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Preventing fires, burn is a common sense matter
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Oct. 4-10 is National Fire Prevention Week, and this year's message is "Stay Fire Smart! Don't get burned." Fire departments have observed Fire Prevention Week for some 85 years, making it the longest running public health and safety observance on record. Fire Prevention Week 2009 focuses on burn awareness and prevention, as well as keeping homes safe from the leading causes of home fires.

National Fire Prevention week can be traced back to the "Great Chicago Fire" which, on Oct. 8, 1871, killed 300 people, left 100,000 people homeless and burned some 17,000 structures. It was an event of such great magnitude that the Fire Marshals' Association of North America decided to commemorate it each year thereafter. In 1925, President Calvin Coolidge proclaimed Oct. 4-10 as the first National Fire Prevention Week, since fires have been the cause of countless deaths and incalculable costs associated with property loss. The majority of all fires are preventable, but it requires the population to understand and practice fire prevention techniques.

Fire Prevention Week's emphasis on burn awareness and prevention arises from the fact that each year roughly 3,000 people die as a result of home fires and burns, and more than 200,000 individuals are seen in the nation's emergency rooms due to burn injuries. According to Ceres Fire Captain Mike Miller, "The most common types of burn injuries result from fire or flame burns, scalds and contact burns." Burns are painful and can result in serious scarring and even death. When we take extra caution in our homes to ensure that the curling iron is out of children's reach or pot handles are turned away from the edge of the stove, such injuries are entirely preventable. Keeping our homes safe from fire and preventing devastating burn injuries is a healthy change we can make happen."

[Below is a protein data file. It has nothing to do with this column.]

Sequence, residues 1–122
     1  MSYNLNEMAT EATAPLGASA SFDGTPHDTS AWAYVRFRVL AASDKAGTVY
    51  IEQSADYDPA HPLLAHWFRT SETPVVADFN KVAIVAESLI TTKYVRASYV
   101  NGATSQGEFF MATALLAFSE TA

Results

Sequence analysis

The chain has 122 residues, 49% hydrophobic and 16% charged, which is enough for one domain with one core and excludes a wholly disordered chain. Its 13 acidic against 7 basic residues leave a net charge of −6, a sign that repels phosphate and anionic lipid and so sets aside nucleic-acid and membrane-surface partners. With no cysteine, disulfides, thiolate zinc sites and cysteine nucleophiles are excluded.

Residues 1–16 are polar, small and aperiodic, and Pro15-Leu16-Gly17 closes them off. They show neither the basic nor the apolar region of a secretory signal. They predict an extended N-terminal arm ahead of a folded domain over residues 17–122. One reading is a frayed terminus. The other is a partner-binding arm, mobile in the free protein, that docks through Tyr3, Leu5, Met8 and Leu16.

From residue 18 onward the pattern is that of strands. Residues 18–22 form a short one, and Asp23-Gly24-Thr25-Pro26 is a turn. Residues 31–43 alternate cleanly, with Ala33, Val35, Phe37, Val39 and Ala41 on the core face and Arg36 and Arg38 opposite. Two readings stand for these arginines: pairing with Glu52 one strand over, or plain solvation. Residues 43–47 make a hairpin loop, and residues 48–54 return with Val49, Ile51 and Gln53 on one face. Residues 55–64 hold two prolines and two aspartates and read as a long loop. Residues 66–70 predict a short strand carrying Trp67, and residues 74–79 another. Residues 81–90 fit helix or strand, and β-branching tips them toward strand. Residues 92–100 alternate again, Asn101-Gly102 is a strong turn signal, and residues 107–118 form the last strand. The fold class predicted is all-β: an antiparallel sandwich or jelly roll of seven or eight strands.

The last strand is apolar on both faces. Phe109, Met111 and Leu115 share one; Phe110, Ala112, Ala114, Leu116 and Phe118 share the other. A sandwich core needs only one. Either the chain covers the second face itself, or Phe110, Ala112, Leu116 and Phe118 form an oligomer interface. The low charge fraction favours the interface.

By following simple safety rules, you can "Stay Fire Smart! Don't Get Burned."

• Keep hot foods and liquids away from tables and counter edges so they cannot be pulled or knocked over.

• Have a 3-foot "kid-free" zone around the stove.

• Never hold a child in your arms while preparing hot food or drinking a hot beverage.

• Be careful when using things that get hot such as curling irons, oven, irons, lamps, heaters.

• Install tamper-resistant receptacles to prevent a child from sticking an object in the outlet.

• Never leave a child alone in a room with a lit candle, portable heater, lit fireplace or stove, or where a hot appliance might be in use.

• Wear short or close-fitting sleeves when cooking.

• Set your hot water temperature no higher than 120 degrees.

• Install anti-scald valves on shower heads and faucets.

• Keep matches and lighters out of reach from children.

Smoke detectors are another key device to household safety and burn prevention. Be sure to outfit your home with properly-placed smoke detectors, and once installed, check them monthly and replace batteries yearly. Like any electronic device, dust and dead batteries will render smoke detectors useless. They must be kept clean - vacuum them as needed. If you have questions or need help with your smoke detectors, your local fire department can assist.

If you wish more fire prevention information, please contact your local fire department. In Ceres the number to call is (209) 538-5701. Firefighters are very prevention-minded, and they will be happy to assist you, regardless of what community you live in. In the spirit of National Fire Prevention Week, I wish you the best of luck and a safe future.